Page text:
With ALVA's conversion from a self-publishing house to an eBook
and trade book independent publisher, revising and updating the website to bring the message clearly to writers and readers
alike has been a challenge.
As such, last week,
recognizing my lack of objectivity in evaluating my own copy, I brought in a high-powered professional developer and copywriter
to critique the general site structure and ALVA home page. Since then I have spent hours responding to her suggestions as
to how to bring increased clarity and coherence to it. Then today Alyssa, Stef, and I jointly used a few hours to hammer away
at further polishing it, the results of which I absolutely love! But will the viewer? Will the writer contact us for consideration
for publication? Will readers' trust in the quality of our books be increased?
In other, as part of the process,
I reviewed sites that included amazon.com and some of the smaller self-publishing houses as well as the Big Five in trade
book publications: Hachette, HarperCollins, Macmillan, Penguin Random House, and Simon & Schuster. On the one hand,
I found some of the self-publishing sites to be almost overwhelming in their complexity and at times their offers unduly costly.
But for the ALVA site, while it may have less content, I was pleased to find it does offer the same emphasis on books, authors,
and readers as do the Big Five. So I figure we must be doing something right.
But will authors who because they have avoided efforts to break into the Big Five are now used to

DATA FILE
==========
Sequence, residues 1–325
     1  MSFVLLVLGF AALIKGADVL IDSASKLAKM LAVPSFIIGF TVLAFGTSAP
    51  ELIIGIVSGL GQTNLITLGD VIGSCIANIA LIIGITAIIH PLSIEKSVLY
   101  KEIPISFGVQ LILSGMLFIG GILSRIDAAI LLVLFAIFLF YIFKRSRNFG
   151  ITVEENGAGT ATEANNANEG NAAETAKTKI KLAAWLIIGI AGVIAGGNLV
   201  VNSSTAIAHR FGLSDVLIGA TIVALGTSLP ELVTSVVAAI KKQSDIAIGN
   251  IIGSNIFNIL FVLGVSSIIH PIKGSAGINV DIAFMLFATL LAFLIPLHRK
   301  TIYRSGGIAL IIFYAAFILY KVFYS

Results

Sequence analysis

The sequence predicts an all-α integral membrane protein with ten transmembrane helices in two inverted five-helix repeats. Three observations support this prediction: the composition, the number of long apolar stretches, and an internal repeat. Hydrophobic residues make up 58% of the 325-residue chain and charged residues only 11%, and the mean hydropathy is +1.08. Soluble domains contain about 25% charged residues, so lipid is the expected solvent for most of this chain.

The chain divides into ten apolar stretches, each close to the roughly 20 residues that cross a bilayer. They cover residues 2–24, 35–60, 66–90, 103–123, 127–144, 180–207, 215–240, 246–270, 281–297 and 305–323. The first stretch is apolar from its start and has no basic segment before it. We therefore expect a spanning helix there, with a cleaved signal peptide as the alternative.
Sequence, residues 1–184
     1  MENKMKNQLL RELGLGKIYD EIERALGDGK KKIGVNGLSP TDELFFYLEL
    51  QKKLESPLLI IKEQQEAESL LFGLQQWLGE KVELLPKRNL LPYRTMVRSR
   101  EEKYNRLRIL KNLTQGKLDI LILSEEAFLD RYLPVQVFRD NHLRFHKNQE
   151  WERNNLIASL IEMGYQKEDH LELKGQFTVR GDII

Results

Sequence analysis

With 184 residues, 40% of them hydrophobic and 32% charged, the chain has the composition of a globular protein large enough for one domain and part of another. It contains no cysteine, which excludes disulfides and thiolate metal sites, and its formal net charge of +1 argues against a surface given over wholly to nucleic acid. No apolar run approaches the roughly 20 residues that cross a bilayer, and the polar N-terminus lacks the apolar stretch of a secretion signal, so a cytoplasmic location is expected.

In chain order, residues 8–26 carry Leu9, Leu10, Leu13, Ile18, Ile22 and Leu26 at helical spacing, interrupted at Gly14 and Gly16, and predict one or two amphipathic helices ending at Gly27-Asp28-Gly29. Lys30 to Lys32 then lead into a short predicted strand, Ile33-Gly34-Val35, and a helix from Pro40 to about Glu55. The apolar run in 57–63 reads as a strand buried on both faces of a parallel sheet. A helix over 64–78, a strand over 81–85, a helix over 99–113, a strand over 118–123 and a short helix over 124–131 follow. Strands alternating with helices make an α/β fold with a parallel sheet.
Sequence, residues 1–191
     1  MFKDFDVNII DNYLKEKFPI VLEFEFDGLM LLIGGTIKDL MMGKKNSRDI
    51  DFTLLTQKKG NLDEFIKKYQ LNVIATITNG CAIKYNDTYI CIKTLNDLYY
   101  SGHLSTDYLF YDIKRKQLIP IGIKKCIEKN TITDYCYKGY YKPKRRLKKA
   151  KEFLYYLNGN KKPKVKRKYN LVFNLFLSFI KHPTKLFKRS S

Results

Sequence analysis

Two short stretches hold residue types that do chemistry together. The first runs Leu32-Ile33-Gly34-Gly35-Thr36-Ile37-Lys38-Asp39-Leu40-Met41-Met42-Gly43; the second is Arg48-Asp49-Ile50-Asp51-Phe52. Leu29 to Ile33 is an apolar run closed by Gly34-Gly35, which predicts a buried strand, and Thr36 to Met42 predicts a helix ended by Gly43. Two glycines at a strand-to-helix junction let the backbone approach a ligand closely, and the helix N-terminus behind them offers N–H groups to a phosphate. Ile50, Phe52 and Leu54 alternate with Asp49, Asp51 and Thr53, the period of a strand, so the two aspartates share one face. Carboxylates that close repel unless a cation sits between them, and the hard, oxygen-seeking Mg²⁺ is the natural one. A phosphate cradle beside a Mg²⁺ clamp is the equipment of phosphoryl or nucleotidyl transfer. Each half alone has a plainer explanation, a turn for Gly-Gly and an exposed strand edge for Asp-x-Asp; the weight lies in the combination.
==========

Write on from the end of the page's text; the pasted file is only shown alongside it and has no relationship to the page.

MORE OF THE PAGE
the gobbley-gook of self-publishing industry mistrust ALVA Press' simplicity? Will ALVA, having moved to the traditional,
appear too simple for legitimacy? And how will these same authors accept the fact that publishing with us has become so cost
free? Especially as many were drawn to ALVA for the purpose of self-publishing? What will be their response when they read
that for manuscripts and books ALVA accepts for publication 'as is', the only cost to the author will be an annual administration
fee of one hundred and twenty dollars? And will these same authors understand that until their books begin to sell those books
function more as a liability that an income source? And will writers understand that as website maintainance and technical
services for editing, design, and distribution cost, that ALVA, not being one of the Big Five, will continue to require the
payment an annual administrative fee?
But with the change from being a self-publishing house to becoming
a trade eBook and book publisher, what now really is business as usual at ALVA? First one might say that ALVA has joined the
big boys. This means that while author competition for publication comes more clearly into play than previously with
ALVA, manuscripts accepted for publication will be designed, converted, and distributed as eBooks and books at no cost to
the author. And whereas ALVA needs a cash inflow for each book to over time match the cost of its production cash outflow
ALVA will rely on an administrative fee to help defray production costs.
Roberta in Po-Town, Cookin'